There are numerous community and workplace weight loss competitions and fitness challenges underway in our area right now. These programs are a popular way to start making health improvements with friends or coworkers. Many people find the competition aspect of these programs to be motivating. Even those who are reluctant to start a diet or exercise program are more likely to give it a try. But this raises the question, are “biggest loser” type weight loss programs effective at promoting lasting weight loss? This is the topic of my Health & Fitness column in the Aiken Standard this week.
The short answer is probably not. Remember, the goal of any diet should be for you to lose weight and keep it off. The majority of people who lose weight will eventually gain it back, plus some extra. This is more of a problem for programs that emphasize rapid weight loss. As a general rule, the quicker someone loses weight, the quicker they are likely to gain it back. So, an eight-week weight loss competition is likely to promote rapid weight loss followed by weight gain when the program ends.
There is a practical reason why this happens. In order to lose weight and keep it off, people need to learn a whole new lifestyle involving what, when, why, and how to eat and exercise. These lifestyle changes are difficult to make and can take months or years to fully adopt. It is unlikely that trying to win a weight loss competition, which emphasizes quickly losing weight over learning new skills and behaviors, would support that outcome. In addition, some contestants may follow inappropriate diets or participate in exercise that is too intense. This could lead to injury, illness, or, at the very least, a bad experience.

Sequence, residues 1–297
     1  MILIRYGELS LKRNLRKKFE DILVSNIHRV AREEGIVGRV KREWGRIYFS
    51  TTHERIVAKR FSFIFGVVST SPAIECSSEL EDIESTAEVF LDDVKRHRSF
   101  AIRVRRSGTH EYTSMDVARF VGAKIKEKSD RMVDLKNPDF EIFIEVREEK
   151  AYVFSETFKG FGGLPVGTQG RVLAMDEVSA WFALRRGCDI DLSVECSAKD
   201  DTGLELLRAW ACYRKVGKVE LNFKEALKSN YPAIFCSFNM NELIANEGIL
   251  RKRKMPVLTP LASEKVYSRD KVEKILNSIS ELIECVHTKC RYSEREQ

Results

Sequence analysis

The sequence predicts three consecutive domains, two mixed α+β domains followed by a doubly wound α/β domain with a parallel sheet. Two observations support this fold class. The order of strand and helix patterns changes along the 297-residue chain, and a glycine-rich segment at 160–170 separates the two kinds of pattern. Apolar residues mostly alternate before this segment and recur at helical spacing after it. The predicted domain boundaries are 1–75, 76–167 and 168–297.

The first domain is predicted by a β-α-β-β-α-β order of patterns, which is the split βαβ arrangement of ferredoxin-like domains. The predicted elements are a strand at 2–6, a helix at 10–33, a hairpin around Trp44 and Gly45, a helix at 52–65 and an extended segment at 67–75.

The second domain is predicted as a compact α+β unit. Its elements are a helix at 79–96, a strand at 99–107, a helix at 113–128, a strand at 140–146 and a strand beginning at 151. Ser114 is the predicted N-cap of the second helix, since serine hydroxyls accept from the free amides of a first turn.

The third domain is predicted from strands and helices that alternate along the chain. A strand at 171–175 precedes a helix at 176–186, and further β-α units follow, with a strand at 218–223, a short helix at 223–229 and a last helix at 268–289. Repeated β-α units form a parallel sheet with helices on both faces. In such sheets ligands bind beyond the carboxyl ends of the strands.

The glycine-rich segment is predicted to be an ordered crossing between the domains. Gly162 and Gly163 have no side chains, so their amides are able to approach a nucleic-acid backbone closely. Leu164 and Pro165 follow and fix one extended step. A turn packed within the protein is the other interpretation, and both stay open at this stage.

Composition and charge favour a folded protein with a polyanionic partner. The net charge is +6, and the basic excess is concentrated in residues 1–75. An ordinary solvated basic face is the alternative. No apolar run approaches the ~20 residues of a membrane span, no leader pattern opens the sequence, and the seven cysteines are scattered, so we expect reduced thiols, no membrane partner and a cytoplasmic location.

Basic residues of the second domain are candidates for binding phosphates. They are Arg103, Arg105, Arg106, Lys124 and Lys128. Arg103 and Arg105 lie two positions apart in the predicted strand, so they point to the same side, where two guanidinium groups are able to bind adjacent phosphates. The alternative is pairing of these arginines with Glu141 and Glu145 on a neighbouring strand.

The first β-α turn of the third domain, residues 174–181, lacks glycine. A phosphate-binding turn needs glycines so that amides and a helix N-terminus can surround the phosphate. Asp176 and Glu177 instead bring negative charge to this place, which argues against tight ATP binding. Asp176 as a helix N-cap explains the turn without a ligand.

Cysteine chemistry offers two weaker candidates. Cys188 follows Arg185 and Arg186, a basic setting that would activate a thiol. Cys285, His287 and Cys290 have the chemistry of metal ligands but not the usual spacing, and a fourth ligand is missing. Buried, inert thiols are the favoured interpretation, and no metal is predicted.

That’s not to say that these weight loss competitions don’t have benefits. There are certainly participants who would not otherwise consider losing weight at that time. Many programs organize participants into teams and the benefits of group support in promoting weight loss are well established. Some programs provide incentives for participating like access to exercise facilities or personal training sessions, which may encourage people to be more active. Others provide monitoring and education to promote success beyond the program.
For example, some programs include weekly education sessions and weigh-ins, a strong group dynamic, and monitoring to prevent rapid, unhealthy weight loss. Other programs, however, are shorter in duration and provide little in the way of education or support for making long-term lifestyle changes.
And don’t think that you are likely to achieve similar results to the contestants on the reality TV shows. The environment on those shows is so different from real life—constant supervision, guidance by experts, and the ever-present cameras, which make the contestants accountable to millions of viewers. The fact is that most “biggest losers” regain all the weight they lost after the show ends. Despite the intensive education and intervention, many contestants are not prepared to make the type of lifestyle changes needed to maintain weight loss in the real world.
There is a simple solution if your goal is to lose weight and keep it off: participate in the competition, take advantage of the resources, but don’t focus on winning. Instead, use the program to develop healthy eating and exercise habits. You will find that concentrating on modifying your behaviors is the key to success. Whether you win or not, know that the end of the program is just the beginning of your weight loss journey.